As part of our continuing effort to get the experience and perspective of practitioners into general discussion, we asked one of our regular commenters, Tom McGee, to weigh in on his thoughts after having been on the management end of a range of sentences in his career, as he describes in Part I of this three-part series. Enjoy. And, better, Tom invites comments.
Mike asked me to put some thoughts together about sentencing from the perspective of a correctional administrator. In the interest of full disclosure, I have worked at one time or another as the superintendent of a reception center-clinic, chief of a parole division, head of a section that was responsible for intake and court liaison, and as university instructor, among other things.
Administrators tend to think about sentences and sentencing from a programming standpoint. Program is an associative concept; therefore it cannot be defined precisely. Start by thinking of correctional programs as containers of sorts, because offenders are put in them and often they have a fixed capacity. Correctional programs are composed of interfacing modules; i.e., deprivations, location, demographics, activities, rehabilitation techniques, and so on. Since these modules are described generically, they have to be broken down into their components for programming purposes. For example, an activities module may include a work component, school component, and so on. A location component may include Folsom Prison, South-Central Los Angeles, and so on. In this discussion we are concerned with just one of them; namely, deprivation program modules.
Administrators need a way to match offenders with programs for placement purposes. With computer technology, it is now possible to do this in a more sophisticated way. First, offenders and programs are classified, based on matching criteria; namely, program needs/restrictions and need/restriction fulfilling program components. Then offenders and programs are matched and re-matched as closely as possible, depending on the space available. In this way, priority can be given to those in greatest need of specific services and restrictions at a given point in time. With this information, it is also possible to continuously update the configuration of all programs so they meet the needs of all offenders in the population, as closely as possible.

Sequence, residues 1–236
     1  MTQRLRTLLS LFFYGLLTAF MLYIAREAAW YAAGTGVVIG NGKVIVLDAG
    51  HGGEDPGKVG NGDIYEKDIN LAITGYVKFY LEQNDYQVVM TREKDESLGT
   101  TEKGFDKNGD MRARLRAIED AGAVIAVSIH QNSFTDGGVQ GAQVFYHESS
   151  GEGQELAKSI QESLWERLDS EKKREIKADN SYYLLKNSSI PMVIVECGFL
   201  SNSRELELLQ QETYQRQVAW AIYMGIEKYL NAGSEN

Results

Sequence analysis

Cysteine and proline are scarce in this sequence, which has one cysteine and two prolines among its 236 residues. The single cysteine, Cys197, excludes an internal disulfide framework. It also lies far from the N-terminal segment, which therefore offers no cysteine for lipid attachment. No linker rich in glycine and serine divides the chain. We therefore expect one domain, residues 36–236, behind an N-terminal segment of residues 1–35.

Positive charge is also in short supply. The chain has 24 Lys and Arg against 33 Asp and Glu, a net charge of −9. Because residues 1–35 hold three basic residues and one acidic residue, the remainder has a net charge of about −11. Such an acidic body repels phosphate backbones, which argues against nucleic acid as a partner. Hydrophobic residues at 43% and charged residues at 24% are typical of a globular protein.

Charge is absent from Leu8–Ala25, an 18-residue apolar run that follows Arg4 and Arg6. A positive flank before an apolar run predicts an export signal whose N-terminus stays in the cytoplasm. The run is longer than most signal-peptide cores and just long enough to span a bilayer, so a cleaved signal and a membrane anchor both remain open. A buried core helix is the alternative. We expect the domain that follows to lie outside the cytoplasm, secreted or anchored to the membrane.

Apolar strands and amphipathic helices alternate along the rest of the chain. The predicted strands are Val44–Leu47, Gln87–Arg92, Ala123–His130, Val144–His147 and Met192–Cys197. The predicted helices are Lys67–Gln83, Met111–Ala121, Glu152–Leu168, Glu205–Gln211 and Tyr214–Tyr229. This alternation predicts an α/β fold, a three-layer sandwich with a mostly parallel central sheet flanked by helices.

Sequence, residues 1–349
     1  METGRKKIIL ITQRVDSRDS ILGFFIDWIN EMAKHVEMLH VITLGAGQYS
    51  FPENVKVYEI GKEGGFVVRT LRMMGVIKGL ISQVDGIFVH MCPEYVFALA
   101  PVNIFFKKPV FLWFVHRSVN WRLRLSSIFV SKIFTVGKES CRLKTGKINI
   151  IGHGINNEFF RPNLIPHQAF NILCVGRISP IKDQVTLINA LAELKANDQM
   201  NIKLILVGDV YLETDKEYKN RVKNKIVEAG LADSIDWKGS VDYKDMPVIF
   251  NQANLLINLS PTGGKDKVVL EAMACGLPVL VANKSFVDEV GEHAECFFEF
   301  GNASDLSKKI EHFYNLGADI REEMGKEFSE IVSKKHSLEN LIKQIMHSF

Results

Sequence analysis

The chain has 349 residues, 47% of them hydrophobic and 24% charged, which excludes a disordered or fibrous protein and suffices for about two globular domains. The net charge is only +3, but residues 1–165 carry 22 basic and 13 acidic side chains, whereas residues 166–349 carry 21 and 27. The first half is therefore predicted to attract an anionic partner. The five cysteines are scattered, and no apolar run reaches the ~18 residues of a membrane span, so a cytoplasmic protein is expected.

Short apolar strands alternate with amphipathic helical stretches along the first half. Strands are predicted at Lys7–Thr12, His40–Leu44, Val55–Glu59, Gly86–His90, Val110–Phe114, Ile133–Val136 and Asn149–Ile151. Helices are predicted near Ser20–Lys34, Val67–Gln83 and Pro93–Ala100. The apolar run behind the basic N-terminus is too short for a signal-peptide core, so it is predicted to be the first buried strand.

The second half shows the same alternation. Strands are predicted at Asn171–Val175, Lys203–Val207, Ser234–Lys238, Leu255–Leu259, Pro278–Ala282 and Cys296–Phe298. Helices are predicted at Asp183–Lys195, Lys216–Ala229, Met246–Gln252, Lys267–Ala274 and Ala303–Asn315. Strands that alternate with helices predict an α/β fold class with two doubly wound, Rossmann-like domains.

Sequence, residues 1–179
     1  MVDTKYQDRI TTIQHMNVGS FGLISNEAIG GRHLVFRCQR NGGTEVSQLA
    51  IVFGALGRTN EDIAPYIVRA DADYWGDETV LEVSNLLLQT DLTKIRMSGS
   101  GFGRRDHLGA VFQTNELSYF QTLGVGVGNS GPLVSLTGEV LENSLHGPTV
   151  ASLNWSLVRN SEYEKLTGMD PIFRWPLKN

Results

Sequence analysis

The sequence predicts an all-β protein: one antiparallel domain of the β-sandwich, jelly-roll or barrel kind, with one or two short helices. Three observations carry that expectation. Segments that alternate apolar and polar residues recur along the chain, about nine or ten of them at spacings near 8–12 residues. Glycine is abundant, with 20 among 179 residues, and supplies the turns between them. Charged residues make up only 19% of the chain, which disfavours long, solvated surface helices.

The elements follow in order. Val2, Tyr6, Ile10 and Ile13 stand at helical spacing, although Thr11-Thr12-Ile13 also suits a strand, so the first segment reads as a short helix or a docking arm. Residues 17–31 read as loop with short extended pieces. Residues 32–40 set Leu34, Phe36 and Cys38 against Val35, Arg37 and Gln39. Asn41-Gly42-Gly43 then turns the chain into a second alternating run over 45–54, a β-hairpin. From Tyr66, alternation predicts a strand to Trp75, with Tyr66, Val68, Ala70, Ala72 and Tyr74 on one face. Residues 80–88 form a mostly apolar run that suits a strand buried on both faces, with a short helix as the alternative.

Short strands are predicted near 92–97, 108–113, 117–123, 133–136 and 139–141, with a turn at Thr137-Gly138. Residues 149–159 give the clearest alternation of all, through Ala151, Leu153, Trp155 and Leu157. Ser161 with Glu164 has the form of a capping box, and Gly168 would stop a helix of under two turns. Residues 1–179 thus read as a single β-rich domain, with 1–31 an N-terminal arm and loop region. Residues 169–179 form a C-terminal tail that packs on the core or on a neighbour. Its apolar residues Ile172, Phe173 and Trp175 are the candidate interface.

Conceived broadly, but correctly I think, a sentence is the State’s answer to a set of actionable provocations that were embedded in a case narrative. They include the following: (1) the person in question committed a crime, (2) subject’s criminal conduct was an offense and (3) subject is a criminal offender. These provocations comprise a jeopardy argument and the State’s sentencing agenda for that person. Decision-makers respond to each provocation in its own right, by formulating one or more judgments that include the objectives, strategies and tactics for answering that provocation. By this means, four different deprivation components are framed, as follows: (1) warning enforcement, (2) offense accountability, (3) risk control and (4) risk reduction. More may be added to the agenda if the person in question commits another crime. Each deprivation component is composed of a tool-set; i.e., authorizations (restraints and takings) and orders (requirements). Restrictions are graded by level and duration. Decision-makers do not restrain offenders or take things from them; they authorize program providers to do so. But decision-makers may directly order offenders to do things. Deprivation components can be nested, because they are composed of the same kind of tools. Those that are associated with the same incident, run in tandem, with the most restrictive controlling at any given time. In this way all of the State’s sentencing objectives can be accomplished in each case without contradicting one another. Some can be used just one time (determinate), while others are renewable (indeterminate). Some are mandatory, while others may be discretionary.
A sentencing track starts with the underlying case narrative, runs through one of its embed provocations and on to a judgment, concluding with a deprivation component. Of course, sentencing involves the formulation of several different tracks. Guidelines can be established for each. Notice that this is a differentiated, not all-in-one sentencing system.
I have tried to show why correctional administrators have a stake in how deprivations are framed. Deprivation decision-making, or what has traditionally been called sentencing, is not something that just happens in the courthouse. It is an ongoing process, following the perpetrator wherever he or she is placed. Many different decision-makers contribute to the process, including judges, board members, program providers and so on. Accordingly, correctional programming is a collaborative task. Part of the sentencing process is primarily judicial, and the other is primarily administrative. I will comment on judicial sentencing in Part II of this discussion, and administrative sentencing in Part III.